Art and aesthetics has enjoyed a long history of philosophy and investigation. Currently, most research is undertaken by either cultural sociology and cognitive neuroscience (neuroaesthetics). However, these fields mostly operate in isolation and, in doing so, fail to incorporate each other’s theoretical and methodological knowledge. The research reported in this dissertation is an attempt to bridge this divide. For instance, the effect of contrast on art appreciation, postulated as a universal law in neuroaesthetics, was investigated, with positive results, in an ecologically valid manner and incorporated socially and culturally relevant factors. Also, the effect of context and framing was investigated at the level of the brain by presenting regular photographs as works of art and measuring the electromagnetic current along the scalp. The dissertation paints an optimistic picture for fruitful further collaboration between cultural sociology and cognitive neuroscience in their quest to understand and explain art and aesthetics.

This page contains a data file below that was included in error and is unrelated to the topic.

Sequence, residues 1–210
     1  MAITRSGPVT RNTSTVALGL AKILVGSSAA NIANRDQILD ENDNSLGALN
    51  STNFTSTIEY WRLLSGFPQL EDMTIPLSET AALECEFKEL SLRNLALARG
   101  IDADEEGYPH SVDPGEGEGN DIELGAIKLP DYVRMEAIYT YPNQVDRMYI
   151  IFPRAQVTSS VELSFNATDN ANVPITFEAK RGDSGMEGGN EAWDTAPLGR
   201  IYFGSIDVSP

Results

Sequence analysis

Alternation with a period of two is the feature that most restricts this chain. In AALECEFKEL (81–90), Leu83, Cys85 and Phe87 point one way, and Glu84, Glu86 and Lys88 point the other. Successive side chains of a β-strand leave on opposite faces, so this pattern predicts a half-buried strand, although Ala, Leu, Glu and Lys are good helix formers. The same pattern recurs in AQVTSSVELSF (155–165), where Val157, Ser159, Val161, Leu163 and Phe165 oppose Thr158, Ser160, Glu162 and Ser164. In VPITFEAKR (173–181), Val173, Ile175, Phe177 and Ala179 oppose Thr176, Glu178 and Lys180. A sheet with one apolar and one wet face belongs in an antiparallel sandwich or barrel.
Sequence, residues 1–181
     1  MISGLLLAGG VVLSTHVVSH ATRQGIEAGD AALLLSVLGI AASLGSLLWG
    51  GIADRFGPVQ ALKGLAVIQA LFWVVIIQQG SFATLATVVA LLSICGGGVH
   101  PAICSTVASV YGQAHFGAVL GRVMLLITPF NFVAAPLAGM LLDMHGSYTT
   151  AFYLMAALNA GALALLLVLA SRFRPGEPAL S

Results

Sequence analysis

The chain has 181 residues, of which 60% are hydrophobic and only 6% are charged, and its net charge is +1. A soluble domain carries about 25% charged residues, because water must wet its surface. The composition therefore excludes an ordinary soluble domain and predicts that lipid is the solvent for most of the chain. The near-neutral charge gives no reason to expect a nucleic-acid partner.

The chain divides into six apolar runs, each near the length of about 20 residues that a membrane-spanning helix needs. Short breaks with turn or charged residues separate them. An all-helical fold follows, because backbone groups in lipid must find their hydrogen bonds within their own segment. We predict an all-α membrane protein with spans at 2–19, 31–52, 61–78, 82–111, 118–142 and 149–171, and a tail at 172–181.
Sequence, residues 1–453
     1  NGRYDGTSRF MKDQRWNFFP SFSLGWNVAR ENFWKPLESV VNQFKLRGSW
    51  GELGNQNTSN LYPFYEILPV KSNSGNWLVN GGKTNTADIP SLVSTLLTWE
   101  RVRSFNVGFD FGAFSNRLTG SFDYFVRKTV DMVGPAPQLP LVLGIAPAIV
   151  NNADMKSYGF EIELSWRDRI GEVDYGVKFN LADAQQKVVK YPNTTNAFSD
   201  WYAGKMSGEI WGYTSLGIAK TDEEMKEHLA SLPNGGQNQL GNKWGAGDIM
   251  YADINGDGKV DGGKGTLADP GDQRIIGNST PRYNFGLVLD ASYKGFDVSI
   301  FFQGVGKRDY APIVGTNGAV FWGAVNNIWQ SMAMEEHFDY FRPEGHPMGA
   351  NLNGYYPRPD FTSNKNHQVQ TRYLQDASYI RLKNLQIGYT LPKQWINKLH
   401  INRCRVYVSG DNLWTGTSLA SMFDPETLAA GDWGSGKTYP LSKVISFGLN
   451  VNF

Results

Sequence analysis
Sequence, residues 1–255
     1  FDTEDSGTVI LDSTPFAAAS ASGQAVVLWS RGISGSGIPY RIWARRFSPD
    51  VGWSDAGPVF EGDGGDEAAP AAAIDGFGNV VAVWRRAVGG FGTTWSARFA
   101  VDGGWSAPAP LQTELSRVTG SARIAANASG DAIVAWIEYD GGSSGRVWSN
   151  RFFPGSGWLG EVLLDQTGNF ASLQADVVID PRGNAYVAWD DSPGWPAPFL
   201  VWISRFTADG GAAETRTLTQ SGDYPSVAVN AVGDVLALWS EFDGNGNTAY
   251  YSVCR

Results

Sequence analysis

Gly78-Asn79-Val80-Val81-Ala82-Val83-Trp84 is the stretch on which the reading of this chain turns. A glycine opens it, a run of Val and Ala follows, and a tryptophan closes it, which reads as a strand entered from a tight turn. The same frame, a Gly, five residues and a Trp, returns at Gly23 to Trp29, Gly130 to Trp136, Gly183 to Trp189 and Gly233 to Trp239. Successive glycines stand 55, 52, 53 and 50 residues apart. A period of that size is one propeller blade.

art, aesthetics, neuroaesthetics, cultural sociology
C.J.M. van Eijck (Koen) , J.W. van Strien (Jan) , K. Dijkstra (Katinka)
Erasmus University Rotterdam
For copyright reasons there is a (partial) embargo for this dissertation
Arts & Culture Studies

van Dongen, N.N.N. (2020, September 4). Investigations into Art Appreciation: An Interdisciplinary Approach. Erasmus University Rotterdam. Retrieved from